The device of this third Sassak patent is operated only with air; is primarily intended for removing the occupants of a high-rise building during an emergency; and, according to lines 66 and 67 in column 2, has a generally vertical shaft or chute. It is doubtful that an air motor could produce the rapid acceleration which can be achieved through the introduction of a pressurized gas. No rebound appears to be intended or discussed; but if the lower vent is closed during deceleration of the carrier, it is difficult to determine how an unintended rebound would be avoided. Moreover, the carrier never leaves the chute.

SUMMARY OF THE INVENTION

The present Device for Accelerating and Decelerating Objects enables many participants to utilize the Device simultaneously; can rapidly change participants so that many participants can be accommodated within a given period of time; has the option for either rapid acceleration or gradual movement in its initial direction of motion; can cause the participant either to rebound or have a cushioned stop at the end of travel in either direction; can be placed in any orientation, except when the Device is desired to be operated in a free-fall mode; can provide an immediate and lengthy force in addition to that of gravity to create a perceived negative gravitational force whenever the participant is moving toward the earth; always maintains the participant outside the cylinder so that, when used as an amusement ride, the Device enhances the participant's experience with its visual impact; has a continuous cable so that such cable does not even momentarily go slack; and causes no sudden change in the direction of its piston, which could create a strain on the cable, piston, or carrier.

This is accomplished with structure including a piston slidably mounted within the bore of a housing. The housing has a first aperture near the first end of the housing and a second aperture near the second end of the housing. The first end of a cable is attached to the piston before the cable proceeds from the side of the piston which is nearer the first end of the housing, along the bore of the housing, through the first aperture, along the exterior of the housing, through the second aperture, and again along the bore of the housing until the cable enters the piston from the side of the piston which is farther from the first end of the housing and the second end of the cable is attached to the first end of the cable.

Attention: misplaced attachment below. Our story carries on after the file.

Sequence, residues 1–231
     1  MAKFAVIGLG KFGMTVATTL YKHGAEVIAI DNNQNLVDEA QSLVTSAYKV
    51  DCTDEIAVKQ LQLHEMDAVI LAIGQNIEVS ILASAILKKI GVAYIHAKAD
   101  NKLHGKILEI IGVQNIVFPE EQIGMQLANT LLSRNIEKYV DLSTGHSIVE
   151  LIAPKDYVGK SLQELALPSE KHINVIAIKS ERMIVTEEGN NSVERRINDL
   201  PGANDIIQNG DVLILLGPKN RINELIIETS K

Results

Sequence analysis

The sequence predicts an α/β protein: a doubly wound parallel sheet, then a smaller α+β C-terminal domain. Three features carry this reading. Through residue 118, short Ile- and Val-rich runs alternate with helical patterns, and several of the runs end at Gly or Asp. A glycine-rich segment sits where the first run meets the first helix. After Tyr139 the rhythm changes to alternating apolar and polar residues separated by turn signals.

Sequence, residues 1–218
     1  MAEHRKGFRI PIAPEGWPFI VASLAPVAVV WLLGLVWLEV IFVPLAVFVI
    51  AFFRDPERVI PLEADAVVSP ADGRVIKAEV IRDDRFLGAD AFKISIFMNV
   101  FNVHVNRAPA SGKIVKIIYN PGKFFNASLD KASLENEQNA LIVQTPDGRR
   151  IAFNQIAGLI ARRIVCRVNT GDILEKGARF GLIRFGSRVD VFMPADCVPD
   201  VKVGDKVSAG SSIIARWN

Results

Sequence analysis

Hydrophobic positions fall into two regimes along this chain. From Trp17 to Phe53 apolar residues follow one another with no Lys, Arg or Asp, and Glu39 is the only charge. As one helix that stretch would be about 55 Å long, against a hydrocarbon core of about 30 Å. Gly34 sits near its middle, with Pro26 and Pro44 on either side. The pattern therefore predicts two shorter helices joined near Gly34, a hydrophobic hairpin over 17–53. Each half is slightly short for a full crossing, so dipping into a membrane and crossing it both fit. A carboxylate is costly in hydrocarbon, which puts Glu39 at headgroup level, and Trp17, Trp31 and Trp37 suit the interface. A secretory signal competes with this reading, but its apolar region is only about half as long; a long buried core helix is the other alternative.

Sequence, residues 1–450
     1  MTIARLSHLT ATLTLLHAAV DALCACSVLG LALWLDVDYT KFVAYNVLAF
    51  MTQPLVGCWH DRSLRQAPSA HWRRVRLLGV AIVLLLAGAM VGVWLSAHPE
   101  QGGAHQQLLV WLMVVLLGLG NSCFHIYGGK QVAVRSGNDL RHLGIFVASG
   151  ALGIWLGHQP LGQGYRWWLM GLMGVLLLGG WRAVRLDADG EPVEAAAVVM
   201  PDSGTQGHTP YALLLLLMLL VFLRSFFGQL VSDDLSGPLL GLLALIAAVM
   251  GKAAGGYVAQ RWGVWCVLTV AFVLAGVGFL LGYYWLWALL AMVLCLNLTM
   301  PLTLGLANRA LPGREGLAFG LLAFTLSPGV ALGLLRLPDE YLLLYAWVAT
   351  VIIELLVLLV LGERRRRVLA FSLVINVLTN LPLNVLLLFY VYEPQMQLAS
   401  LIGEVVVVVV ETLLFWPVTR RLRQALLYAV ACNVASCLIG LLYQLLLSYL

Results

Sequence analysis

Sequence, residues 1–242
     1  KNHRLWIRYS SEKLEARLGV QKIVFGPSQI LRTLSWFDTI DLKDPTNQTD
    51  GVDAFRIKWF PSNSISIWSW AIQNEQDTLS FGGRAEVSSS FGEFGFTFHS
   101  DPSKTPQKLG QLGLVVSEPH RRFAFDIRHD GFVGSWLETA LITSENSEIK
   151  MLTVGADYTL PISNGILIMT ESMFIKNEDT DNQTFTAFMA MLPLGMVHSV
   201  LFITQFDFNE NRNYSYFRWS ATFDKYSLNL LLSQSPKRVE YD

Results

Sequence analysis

The first aperture and the second aperture are both constructed large enough to permit the cable to pass freely but small enough that the quantity of gas which escapes through the first aperture and the second aperture will not preclude the desired operation of the Device for Accelerating and Decelerating Objects. If losses of gas are desired to be decreased further, the cable can be coated with a substance, such as nylon, to create a smooth surface.

To assist in orienting the cable and to reduce frictional forces, the cable-after exiting the first aperture but before proceeding along the exterior of the housing-preferably passes around a first pulley or other friction-reducing device which can alter the direction of the cable, such as a bearing. Similarly, before entering the second aperture and after proceeding along the exterior of the housing, the cable preferably passes around a second pulley or other friction-reducing device which can alter the direction of the cable.

One or more objects, especially including participants, are attached to the cable directly or, preferably, may be placed on a carrier which is attached directly to the cable.

The position for attachment of the carrier or object to the cable is selected so that the carrier or object will be near the second end of the housing when the piston is near the first end of the housing and, consequently, so that the carrier or object will be near the first end of the housing when the piston is near the second end of the housing.